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Two tales of timber

Throughout the year, hunters and land managers are always looking for ways to boost the quality and quantity of game on their properties. While managing wildlife is important, managing habitat will make the greatest impact, and forest manipulation is the best way to influence habitat without having to make a withdrawal from the bank.†

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April 09, 2015 at 9:00 am
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Keep your corn warm

Luckily for most of the Carolinas, warm conditions welcome many outdoor enthusiasts well before the first official day of spring. Wildlife managers should be well underway with preparations for spring plantings. From testing to carrying out an annual liming program, soils need a little TLC this time of year. Many landowners looking to grow 200 bushels of corn per acre are probably growing very anxious to get their seeds set, but planting too early can have its drawbacks as well as its remarkable benefits.†

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March 09, 2015 at 9:00 am
1071 Views

Winter is time to burn

Wildlife management doesn’t just bring a spring and fall schedule. Dedicated outdoorsman with a drive to improve their wildlife habitat can keep the wheels turning year-round with tons of habitat-management activities. February is the middle of the season for prescribed fire to improve forest health and provide massive benefits for nearly all critters. †

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February 09, 2015 at 9:00 am
793 Views

Look for big duck moves

While it may be the first month of the year, it is the last opportunity to sit in a blind and take down a limit of ducks. Hunters should take advantage of the last three weeks of the season, when ducks have flooded the Carolinas and are anxious to fill up on rich food resources. But by January, the waterfowl migration is practically over — or is it?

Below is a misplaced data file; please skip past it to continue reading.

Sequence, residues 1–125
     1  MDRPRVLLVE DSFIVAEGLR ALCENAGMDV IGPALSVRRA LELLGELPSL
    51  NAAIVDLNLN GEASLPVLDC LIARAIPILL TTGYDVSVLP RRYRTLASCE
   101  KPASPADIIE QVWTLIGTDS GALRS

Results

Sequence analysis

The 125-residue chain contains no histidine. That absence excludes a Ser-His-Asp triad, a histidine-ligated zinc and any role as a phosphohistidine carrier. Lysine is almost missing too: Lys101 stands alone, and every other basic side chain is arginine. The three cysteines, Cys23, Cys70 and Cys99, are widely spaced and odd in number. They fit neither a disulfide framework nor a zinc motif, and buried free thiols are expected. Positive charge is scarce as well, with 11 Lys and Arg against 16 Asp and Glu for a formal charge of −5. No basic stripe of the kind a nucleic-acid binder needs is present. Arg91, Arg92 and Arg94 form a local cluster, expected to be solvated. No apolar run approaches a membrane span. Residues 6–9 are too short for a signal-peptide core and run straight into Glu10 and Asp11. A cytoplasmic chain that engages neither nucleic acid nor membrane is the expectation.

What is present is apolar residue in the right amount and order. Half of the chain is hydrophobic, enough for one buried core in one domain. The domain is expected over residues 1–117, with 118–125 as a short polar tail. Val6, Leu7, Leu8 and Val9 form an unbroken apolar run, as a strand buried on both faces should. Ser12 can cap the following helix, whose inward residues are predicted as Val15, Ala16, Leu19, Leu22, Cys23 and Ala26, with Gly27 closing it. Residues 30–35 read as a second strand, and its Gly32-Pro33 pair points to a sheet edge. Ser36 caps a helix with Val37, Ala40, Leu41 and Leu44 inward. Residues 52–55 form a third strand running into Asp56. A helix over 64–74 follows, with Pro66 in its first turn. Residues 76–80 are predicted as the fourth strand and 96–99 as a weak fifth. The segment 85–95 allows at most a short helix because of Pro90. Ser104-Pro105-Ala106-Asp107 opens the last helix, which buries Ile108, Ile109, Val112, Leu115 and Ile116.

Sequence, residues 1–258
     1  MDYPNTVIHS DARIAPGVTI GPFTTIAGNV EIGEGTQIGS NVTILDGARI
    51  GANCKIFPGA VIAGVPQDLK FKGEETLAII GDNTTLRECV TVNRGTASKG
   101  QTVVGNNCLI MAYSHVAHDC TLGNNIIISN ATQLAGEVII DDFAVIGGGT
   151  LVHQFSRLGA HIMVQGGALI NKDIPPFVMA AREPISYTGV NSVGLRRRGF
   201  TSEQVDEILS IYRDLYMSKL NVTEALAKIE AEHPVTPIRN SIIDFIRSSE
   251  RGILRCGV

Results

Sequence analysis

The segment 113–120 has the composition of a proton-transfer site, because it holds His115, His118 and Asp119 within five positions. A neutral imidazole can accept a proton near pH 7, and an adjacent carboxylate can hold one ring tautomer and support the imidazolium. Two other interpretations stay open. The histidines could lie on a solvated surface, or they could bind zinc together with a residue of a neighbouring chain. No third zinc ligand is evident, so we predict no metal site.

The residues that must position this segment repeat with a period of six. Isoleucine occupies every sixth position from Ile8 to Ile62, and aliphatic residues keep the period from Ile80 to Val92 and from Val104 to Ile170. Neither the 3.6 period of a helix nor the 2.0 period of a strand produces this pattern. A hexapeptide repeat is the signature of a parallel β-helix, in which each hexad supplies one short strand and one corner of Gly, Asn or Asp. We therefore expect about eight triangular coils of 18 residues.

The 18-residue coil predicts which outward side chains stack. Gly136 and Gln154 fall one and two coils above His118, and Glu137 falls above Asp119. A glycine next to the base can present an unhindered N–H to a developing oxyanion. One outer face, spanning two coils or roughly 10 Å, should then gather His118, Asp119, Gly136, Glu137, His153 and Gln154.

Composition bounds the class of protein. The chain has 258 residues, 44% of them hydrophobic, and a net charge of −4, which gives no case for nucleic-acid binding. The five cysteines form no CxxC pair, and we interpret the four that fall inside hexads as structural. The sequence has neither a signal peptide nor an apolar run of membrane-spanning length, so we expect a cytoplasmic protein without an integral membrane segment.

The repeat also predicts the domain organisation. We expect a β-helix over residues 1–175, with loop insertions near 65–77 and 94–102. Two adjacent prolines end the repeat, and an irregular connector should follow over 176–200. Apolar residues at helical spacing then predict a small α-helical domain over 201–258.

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January 08, 2015 at 9:00 am
1087 Views

Borrow pits: duck havens

Over the past 20 years, federal dollars have upgraded transportation facilities in every county in both North Carolina and South Carolina to handle the booming human population settling in the South. Literally thousands of miles of new blacktop have relieved traffic congestion and allowed travelers to get to their destinations in a more-efficient manner, and few will complain about the lack of slowdowns on the highway. But these transportation projects all over the eastern seaboard have taken their toll on wildlife.†

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December 01, 2014 at 7:00 am
1188 Views

Keep deer stores stocked

For deer hunters rooted in the Carolinas, November is a demanding and sometimes challenging month in the deer woods. From intense rutting behavior and food availability to drastic changes in the weather, the pressure is on the †deer herd. Hunters and land managers must stay on their toes to keep their property attractive when the pressure surges.†

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November 09, 2014 at 9:00 am
1158 Views

Protect those buck fawns

Even though the deer season has arrived in one form or another, the majority of deer slayers begin to ramp up their efforts in October. Cooler weather sets in this month, making it comfortable for all hunters to sit motionless, perched in a tree stand or well hidden in a ground blind. For some hunters, a buck big enough to be eligible for a $500 taxidermy investment is about the only animal worthy of a lead projectile. But for the rest of the deer-hunting community, meat in the freezer reigns supreme.†

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October 09, 2014 at 9:00 am
1057 Views

Make sure soil is ready

Planting spring and fall food plots can benefit wildlife in so many ways, and September is the beginning of the fall planting season. The cool-season food plot plays a critical role in most hunters’ playbooks since these food sources become prime stand locations during the season.†

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September 08, 2014 at 9:00 am
826 Views

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